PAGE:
The tendency breakers are still coming
In the Patriots’ win over the Broncos, Aaron Hernandez carried the ball five times for 61 yards, including a 43-yard jaunt in the first quarter that caught Denver by surprise. It’s called a tendency breaker. Coach Bill Belichick said afterward he wanted to keep the Broncos honest. Expect more flare this week. The Ravens showed one of their tendency breakers in the first quarter against the Houston Texans. Quarterback Joe Flacco threw a 1-yard touchdown to backup tight end Kris Wilson. It was Wilson’s first catch of the season.
Special teams will be a determining factor
If the Ravens defense is to be feared, even slightly, there will be greater emphasis on special teams play, both in terms of playmaking and ball security. With a plethora of veteran returners at coach Bill Belichick’s disposal (Julian Edelman, Wes Welker, Danny Woodhead, Kevin Faulk), the Patriots are in a position to be conservative and play mistake free. But expect the Ravens to come in and aggressively strip at the ball to win the turnover battle. That aggressiveness will provide opportunities for some big plays by the Patriots. They have to take advantage.
The Patriots will abandon the running game
Worried about Stevan Ridley’s ball security? Don’t be. After fumbling twice in the past two games, losing one against the Denver Broncos, his playing time will likely be slashed in favor of BenJarvus Green-Ellis, essentially giving coach Bill Belichick reason to abandon the running game entirely. A back like Green-Ellis, who finds his way through holes the mean and ugly way, can be boring for the Patriots’ high flying offense. And unfortunately for Green-Ellis, that style of offense favors Baltimore, something the Patriots can’t afford. Expect Tom Brady to toss 45 plus.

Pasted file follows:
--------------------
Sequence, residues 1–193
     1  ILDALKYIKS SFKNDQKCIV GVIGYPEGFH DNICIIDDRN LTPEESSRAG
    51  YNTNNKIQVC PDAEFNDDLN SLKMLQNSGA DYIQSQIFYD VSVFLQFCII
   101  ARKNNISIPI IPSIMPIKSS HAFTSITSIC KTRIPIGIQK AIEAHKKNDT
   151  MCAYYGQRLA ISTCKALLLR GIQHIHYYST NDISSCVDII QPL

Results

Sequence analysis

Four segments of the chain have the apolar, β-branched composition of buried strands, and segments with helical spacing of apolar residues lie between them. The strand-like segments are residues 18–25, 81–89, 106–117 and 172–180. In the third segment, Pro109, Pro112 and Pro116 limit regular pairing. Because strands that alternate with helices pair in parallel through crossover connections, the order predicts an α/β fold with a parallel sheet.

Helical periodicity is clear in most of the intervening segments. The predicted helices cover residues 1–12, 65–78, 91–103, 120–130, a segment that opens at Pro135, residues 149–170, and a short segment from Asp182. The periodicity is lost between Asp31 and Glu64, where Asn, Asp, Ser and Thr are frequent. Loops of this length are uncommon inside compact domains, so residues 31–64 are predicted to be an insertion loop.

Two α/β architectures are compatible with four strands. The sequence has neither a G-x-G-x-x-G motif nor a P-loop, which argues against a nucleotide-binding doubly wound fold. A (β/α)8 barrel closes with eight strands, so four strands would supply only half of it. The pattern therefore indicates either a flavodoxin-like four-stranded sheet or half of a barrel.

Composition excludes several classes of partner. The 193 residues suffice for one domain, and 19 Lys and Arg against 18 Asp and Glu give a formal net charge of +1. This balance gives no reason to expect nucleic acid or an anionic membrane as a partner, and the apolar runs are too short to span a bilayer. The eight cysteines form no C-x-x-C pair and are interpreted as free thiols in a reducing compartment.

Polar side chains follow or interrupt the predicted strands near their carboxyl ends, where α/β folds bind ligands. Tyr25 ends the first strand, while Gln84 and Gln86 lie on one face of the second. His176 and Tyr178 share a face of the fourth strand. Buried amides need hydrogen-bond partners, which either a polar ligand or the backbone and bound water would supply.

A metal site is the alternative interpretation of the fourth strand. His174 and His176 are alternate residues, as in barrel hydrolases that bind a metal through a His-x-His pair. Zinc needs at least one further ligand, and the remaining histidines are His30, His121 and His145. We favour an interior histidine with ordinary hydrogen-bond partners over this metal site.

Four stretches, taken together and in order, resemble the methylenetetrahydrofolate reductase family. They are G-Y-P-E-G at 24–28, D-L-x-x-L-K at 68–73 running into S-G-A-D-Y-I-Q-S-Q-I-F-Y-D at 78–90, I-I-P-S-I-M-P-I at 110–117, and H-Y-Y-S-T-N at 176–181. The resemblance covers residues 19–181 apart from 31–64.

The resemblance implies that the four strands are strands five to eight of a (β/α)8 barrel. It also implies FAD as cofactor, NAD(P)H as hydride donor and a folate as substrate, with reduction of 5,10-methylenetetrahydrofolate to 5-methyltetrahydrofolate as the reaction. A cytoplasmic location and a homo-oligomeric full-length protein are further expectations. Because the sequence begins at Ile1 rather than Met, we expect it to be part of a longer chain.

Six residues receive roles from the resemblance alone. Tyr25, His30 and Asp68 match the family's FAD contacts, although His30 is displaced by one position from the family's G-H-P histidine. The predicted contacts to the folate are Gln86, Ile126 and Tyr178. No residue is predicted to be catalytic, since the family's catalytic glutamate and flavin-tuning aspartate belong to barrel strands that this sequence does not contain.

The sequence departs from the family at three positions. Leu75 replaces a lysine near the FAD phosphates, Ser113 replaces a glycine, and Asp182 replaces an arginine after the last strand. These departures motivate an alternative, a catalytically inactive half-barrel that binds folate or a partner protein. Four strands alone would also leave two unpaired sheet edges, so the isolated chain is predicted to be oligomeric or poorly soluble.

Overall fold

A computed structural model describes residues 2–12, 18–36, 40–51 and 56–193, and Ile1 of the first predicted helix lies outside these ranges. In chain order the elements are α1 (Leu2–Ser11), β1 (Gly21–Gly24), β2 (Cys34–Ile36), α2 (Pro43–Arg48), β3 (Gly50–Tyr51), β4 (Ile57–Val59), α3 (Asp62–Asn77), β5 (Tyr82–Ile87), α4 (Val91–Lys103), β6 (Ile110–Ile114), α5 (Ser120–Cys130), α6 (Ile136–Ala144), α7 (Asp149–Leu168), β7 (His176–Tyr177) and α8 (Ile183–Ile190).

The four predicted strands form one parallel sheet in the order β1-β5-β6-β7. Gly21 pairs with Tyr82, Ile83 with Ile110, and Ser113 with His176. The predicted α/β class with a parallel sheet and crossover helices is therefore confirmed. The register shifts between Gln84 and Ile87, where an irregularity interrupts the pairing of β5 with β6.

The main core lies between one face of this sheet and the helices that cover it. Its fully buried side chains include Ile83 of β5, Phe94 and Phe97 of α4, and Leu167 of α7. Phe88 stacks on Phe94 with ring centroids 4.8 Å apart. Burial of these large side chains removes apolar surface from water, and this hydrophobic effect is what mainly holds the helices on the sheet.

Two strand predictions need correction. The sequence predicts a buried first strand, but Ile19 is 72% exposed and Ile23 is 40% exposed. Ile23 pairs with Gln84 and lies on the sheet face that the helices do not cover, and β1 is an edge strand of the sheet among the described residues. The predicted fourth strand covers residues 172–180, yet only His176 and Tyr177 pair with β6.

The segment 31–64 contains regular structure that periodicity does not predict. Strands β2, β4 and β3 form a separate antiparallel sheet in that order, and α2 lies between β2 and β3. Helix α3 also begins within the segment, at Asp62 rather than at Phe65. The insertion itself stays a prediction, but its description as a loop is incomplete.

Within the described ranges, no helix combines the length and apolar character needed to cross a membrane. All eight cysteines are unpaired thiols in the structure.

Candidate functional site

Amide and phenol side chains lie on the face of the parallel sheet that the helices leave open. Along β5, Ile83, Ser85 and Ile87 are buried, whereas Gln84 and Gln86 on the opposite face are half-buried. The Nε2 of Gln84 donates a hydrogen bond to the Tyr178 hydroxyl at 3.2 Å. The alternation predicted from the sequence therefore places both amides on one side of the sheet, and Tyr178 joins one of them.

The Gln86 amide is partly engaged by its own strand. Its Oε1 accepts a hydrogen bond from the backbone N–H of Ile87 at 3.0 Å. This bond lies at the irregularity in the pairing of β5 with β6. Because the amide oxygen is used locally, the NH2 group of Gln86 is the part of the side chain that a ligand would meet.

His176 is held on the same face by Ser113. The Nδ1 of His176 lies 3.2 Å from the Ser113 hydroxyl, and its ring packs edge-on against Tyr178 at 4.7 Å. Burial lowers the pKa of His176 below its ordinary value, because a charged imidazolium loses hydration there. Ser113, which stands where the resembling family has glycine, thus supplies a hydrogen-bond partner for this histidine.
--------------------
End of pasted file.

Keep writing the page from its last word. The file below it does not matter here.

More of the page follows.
Ed Reed will be avoided
Against the Denver Broncos, Tom Brady threw in Champ Bailey’s direction only once, according to Globe teammate Greg Bedard. You can expect the same of Brady when it comes to the versatile safety. Reed has the hands of a wide receiver and the range of Jacoby Ellsbury in center field. His dangerousness cannot be overstated. Just ask T.J. Yates. This game will be another great opportunity for third, fourth and fifth option receivers to explode on the Ravens. Just not when Reed is sitting above them in coverage.
There will be Gronking
“Gronking” – The act of spiking a football with extreme ferociousness after scoring a touchdown. Despite the increased attention, the double coverage, and the physicality he’ll likely face in the trenches, the Patriots all-pro tight end will continue his Gronking ways. With his build, his speed, and his hands, there is no stopping the talent named Rob Gronkowski. Not even against a defense as vaunted as the Baltimore Ravens. Expect two more scores from the big fella.
Surprise, surprise: Brandon Deaderick’s turn
In Week 17, it was Mark Anderson who recorded a sack and tackle for a loss. Against the Denver Broncos, it was Shaun Ellis who recorded one sack and a bone crushing hit on Tim Tebow. This week, it looks like Brandon Deadrick is in a position – much like last week against the Broncos – to get in on the sack party. He had two assisted tackles against the Broncos and was in the thick of the Patriots dominant defensive effort. With increased playing time since Andre Carter was placed on injured reserve, it’s only a matter of time until he registers his big sack. Sunday is looking ripe for his name to be called.
Whether the opponent is the San Francisco 49ers or the New York Giants, the Patriots will be on a plane to Indianapolis after this Sunday’s game. The deal breaker is Joe Flacco. If the Patriots can harass the quarterback sufficiently while allowing its front seven to continue its aggressive ways, they’ll be headed to their fifth Super Bowl in the last 10 years.